Älvdalan in central Sweden where Elfdalian is spoken. Photo: Elfdalian
A rare Nordic language used by a tiny forest community is set to be taught in a preschool in central Sweden. Elfdalian, which shares some similarities with Old Norse is a hot topic at an international linguistics conference in Copenhagen this week, as Scandinavian language experts campaign to stop it dying out.
It might sound like something from Lord of The Rings or The Local's recent April Fool's Day prank
but Elfdalian is a real language currently used by around 2500 people in central Sweden and is understood to date back to Viking times.
Previously regarded as a Swedish dialect, leading linguistics experts now consider it a separate language and are battling to save it, after figures emerged that less than 60 children can currently speak it.
"Often Norwegians, Danes and Swedes can understand each others' languages and dialects. But Elfdalian can't be understood by any Scandinavians apart from the ones that grow up with it, and that is why we consider it a separate language," Yair Sapir, a linguistics expert who lives in Copenhagen and teaches at Lund University in Sweden told The Local.
The Israel-born professor has dedicated his career to studying the language after initially spending two weeks living in Älvdalan in 2002 and eventually teaching himself Elfdalian.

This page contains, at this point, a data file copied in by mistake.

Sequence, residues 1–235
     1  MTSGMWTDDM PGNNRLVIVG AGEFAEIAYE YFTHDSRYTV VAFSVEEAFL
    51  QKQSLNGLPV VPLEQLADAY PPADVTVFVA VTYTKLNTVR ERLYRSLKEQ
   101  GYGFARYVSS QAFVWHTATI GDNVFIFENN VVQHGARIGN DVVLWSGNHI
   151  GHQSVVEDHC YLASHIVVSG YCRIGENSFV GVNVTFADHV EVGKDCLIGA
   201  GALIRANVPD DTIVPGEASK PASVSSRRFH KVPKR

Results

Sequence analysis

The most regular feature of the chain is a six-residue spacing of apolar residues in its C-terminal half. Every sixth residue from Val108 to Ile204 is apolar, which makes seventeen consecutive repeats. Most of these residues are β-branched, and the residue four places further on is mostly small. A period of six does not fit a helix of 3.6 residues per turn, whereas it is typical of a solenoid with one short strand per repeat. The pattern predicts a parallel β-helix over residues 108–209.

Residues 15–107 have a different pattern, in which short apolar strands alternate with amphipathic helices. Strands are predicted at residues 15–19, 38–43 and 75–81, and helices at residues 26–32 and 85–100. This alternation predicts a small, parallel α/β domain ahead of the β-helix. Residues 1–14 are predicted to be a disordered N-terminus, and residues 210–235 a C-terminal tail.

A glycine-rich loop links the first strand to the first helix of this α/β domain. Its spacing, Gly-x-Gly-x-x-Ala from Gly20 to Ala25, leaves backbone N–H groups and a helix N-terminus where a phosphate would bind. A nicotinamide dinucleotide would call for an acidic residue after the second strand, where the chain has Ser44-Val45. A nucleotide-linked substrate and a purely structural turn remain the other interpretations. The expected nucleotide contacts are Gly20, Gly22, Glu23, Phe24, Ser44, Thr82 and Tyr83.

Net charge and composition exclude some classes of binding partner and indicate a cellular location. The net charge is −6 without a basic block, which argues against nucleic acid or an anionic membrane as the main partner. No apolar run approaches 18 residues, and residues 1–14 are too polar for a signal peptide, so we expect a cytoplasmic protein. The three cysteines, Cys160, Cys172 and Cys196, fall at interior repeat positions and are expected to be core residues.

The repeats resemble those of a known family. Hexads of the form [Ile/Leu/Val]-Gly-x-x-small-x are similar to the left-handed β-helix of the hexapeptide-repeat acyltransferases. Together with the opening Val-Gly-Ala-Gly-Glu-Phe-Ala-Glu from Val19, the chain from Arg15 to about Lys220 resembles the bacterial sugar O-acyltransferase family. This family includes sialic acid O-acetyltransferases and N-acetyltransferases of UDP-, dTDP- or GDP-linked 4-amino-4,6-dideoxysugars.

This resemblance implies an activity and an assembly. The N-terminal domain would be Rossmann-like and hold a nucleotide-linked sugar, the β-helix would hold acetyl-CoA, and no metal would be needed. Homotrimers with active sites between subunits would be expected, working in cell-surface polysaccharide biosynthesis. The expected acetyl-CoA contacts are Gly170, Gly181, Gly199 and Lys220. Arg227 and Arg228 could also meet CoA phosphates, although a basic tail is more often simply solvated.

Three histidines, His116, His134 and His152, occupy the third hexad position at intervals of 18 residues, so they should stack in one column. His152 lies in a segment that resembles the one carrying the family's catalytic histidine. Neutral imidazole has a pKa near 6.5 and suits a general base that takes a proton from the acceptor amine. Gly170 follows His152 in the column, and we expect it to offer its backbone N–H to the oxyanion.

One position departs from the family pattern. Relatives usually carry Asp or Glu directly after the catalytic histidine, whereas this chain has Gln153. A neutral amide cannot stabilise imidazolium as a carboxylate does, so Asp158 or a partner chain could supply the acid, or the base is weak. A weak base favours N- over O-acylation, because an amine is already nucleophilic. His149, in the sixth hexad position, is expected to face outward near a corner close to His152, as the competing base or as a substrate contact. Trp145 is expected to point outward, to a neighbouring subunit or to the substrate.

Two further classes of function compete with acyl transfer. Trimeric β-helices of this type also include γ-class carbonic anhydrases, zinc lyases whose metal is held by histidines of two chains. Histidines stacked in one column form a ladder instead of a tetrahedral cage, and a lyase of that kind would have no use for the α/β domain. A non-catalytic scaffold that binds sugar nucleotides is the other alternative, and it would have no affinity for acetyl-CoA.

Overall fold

"The people of Älvdalen are wonderful but they are different to the city folk I am used to. They are in general less educated but more connected to nature and each other than people in urban areas," he explained.
Älvdalan is a remote forest community. Photo: TT
On Thursday and Friday this week Sapir is hosting an international conference on Elfdalian at Copenhagen University, designed to raise awareness of the language.
The event comes as the small isolated town where it is spoken, Älvdalan, prepares to start teaching it in one preschool from September. Pupils who begin learning it aged six are set to keep it as part of their curriculum until they turn eighteen.
"It's a highly threatened language and so it is great that the municipality is going to experiment with teaching it to children in preschool," said Sapir.
"In the past, children from this area didn't go far beyond the farms they lived on but now they go to school and consume so much other media that it is hard for them to keep Elfdalian as their main language," he added.
"The language was suppressed for centuries by the authorities. They need more books on their language and more recognition and validation of their culture. Hopefully the lessons in preschools will be the start of that."
Sapir admits that Elfdalian sounds like a mystical or other-worldly language but insists its name "isn't supposed to sound Tolkien-like" and has nothing to do with elves. It translates as 'river valley' in Swedish.
"It was just a word designed to sound more English than Älvdalian to help with international recognition and writing about the language."
Through studying Elfdalian experts have also increased their understanding of the Viking language Old Norse, with which it shares some words, features and expressions.
"Elfdalian is a goldmine. It works almost like a linguistic deep freeze, where one can get a glimpse of Old Norse traits that have long since vanished in the other Nordic languages," language historian Bjarne Simmelkjær Sandsgaard Hansen, co-organizer of the Copenhagen University conference told Danish newspaper Politiken on Monday.
"It has preserved many old features, which we may not even know existed if we didn't have Elfdalian," he added.